Sands’ Nassau casino plan suffers another setback 

Judge voids lease for second time, jeopardizing gaming license

Court Again Voids Sands Casino Lease at Nassau Coliseum
Las Vegas Sands' Rob Goldstein and Nick Mastroianni II with the Nassau Coliseum (Getty, Nicholas Mastroianni)

Like coins at a slot machine, Nassau Coliseum leases keep slipping through the fingers of the Las Vegas Sands.

A state judge on Friday invalidated the company’s agreement with the venue’s previous leaseholder to operate the arena and its surrounding land, Newsday reported. Sands’ plan for a $4 billion development — including a casino — at the site was complicated by the ruling.

Initially, Nassau County seemed to be cruising along in its quest to have the state cite one of three downstate casinos at the Coliseum, which has been hurting since the Islanders moved out.

With nearly unanimous support from county legislators, Sands reached a $241 million agreement to buy the lease from Nassau Live Center LLC, a limited liability company operated by EB-5 king Nick Mastroianni II. The county owns the land.

But Hofstra University, which does not want a casino near its campus, sued, and state Supreme Court Justice Sarika Kapoor agreed that the Nassau County Planning Commission violated the state’s Open Meetings Law in failing to properly notify the public of a meeting. While the county appeals that decision, it is trying another route to get the 99-year lease transferred.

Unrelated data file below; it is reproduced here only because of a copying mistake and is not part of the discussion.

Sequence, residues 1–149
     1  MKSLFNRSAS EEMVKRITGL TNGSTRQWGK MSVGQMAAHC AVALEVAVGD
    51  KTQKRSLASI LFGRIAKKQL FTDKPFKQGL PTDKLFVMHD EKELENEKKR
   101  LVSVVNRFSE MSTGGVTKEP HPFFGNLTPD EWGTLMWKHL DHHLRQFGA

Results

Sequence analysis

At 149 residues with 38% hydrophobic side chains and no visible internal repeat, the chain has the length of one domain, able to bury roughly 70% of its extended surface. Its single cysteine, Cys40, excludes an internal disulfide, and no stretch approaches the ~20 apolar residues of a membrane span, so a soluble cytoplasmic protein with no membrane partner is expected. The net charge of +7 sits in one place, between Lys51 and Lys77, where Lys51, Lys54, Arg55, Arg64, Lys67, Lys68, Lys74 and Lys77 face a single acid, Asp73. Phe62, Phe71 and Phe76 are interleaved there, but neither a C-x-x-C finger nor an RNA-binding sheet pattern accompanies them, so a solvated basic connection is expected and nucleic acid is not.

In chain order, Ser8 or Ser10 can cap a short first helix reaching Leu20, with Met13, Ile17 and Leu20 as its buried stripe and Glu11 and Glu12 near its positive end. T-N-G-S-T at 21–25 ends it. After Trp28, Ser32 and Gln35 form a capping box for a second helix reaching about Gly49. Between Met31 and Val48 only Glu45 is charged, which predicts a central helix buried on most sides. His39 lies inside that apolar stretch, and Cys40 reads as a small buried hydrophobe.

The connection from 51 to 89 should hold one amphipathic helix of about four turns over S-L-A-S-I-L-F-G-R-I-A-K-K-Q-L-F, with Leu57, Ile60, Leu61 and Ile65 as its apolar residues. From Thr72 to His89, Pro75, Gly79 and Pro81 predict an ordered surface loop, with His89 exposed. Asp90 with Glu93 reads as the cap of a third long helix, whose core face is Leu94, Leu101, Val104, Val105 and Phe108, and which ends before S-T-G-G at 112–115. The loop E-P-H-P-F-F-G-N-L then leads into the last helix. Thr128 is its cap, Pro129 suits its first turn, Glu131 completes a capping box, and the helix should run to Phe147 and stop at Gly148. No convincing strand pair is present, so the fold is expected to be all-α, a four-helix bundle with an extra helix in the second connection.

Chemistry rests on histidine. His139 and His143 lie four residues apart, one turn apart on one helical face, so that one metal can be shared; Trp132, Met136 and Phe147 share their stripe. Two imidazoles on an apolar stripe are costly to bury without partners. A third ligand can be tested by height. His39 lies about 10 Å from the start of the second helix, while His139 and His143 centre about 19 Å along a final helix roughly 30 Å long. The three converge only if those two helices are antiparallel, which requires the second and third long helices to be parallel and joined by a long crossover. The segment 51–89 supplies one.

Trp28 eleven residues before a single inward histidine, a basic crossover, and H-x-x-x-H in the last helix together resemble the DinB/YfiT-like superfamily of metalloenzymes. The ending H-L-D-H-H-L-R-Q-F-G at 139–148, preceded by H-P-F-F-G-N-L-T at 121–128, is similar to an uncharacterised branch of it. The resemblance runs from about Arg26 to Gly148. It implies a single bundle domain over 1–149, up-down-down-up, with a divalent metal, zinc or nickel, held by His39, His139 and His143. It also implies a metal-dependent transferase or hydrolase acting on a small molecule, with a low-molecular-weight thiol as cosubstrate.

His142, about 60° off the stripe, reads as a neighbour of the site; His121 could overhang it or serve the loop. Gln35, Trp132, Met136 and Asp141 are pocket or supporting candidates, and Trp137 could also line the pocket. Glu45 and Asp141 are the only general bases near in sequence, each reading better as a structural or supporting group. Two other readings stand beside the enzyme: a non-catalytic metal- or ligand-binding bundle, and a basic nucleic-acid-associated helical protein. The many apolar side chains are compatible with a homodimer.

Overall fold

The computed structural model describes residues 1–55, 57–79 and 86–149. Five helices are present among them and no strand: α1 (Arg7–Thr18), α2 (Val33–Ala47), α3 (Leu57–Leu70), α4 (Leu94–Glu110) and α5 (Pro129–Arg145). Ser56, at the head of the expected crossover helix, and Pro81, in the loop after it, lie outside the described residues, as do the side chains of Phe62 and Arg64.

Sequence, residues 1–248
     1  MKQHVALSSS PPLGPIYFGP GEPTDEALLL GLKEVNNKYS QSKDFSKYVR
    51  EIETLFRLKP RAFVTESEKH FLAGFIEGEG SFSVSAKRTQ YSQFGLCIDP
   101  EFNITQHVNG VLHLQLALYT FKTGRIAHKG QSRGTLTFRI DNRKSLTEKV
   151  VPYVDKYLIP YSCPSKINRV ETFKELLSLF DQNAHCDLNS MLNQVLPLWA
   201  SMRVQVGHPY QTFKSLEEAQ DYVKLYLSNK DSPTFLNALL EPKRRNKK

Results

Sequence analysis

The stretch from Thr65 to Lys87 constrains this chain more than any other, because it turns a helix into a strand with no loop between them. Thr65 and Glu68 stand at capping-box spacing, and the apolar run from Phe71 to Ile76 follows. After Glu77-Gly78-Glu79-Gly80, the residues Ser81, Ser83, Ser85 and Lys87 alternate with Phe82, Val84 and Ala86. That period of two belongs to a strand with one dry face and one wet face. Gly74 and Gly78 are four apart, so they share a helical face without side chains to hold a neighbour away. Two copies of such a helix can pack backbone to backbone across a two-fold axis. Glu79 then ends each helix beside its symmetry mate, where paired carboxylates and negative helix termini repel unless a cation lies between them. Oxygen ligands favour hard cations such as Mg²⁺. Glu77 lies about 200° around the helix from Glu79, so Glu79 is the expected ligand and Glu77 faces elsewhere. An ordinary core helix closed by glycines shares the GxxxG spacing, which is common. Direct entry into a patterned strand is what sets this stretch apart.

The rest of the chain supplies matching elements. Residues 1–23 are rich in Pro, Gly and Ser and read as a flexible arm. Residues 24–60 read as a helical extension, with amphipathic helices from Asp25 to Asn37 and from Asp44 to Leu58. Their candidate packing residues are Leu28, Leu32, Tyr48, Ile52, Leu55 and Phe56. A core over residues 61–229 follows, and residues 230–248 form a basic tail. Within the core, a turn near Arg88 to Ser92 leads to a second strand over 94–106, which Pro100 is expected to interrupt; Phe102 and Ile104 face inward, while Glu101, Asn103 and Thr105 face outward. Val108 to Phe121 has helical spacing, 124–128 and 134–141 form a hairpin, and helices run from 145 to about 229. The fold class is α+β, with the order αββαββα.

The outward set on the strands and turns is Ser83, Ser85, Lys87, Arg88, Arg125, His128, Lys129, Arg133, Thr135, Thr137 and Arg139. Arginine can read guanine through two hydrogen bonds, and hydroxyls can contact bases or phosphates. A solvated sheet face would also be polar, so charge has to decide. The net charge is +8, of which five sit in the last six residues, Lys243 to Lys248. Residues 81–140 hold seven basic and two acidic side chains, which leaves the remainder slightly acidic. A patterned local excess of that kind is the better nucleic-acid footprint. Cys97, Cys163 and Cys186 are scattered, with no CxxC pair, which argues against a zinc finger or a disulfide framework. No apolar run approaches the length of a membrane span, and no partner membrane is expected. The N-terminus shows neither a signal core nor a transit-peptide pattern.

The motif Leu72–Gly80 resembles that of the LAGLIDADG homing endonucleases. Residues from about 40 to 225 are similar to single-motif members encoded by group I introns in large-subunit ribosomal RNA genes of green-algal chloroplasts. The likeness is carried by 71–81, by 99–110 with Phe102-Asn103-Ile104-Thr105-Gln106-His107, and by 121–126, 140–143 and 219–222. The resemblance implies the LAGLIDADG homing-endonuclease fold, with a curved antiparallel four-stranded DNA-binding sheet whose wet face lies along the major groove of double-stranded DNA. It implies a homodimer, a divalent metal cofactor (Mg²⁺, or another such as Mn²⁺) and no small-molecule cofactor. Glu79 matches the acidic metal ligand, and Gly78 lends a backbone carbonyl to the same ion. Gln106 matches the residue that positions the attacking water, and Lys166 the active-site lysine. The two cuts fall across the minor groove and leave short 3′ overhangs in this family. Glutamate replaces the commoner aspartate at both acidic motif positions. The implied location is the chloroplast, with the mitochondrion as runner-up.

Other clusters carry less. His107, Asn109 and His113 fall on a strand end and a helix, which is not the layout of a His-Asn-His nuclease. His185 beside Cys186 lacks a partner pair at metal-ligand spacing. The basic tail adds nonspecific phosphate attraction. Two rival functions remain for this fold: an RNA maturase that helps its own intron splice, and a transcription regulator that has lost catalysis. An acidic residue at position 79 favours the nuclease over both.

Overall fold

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Friday’s ruling blocked that effort as well, for similar reasons. Between the legal case and environmental reviews, it could be many months before the casino plan has the clear path to fruition, which it likely needs to win a gaming license from the state. The state is unlikely to delay its process to accommodate a particular bid.

The 72-acre site by the arena is the largest undeveloped property in the county. The Sands says it would build a luxury hotel, entertainment center and housing component, regardless of whether it wins one of the three downstate gaming licenses.

After the first ruling against it, a spokesperson for Sands said the judge’s decision wouldn’t affect the company’s bid for a license or its chances of success. Officials from the company declined to comment to Newsday after the latest ruling.

Holden Walter-Warner

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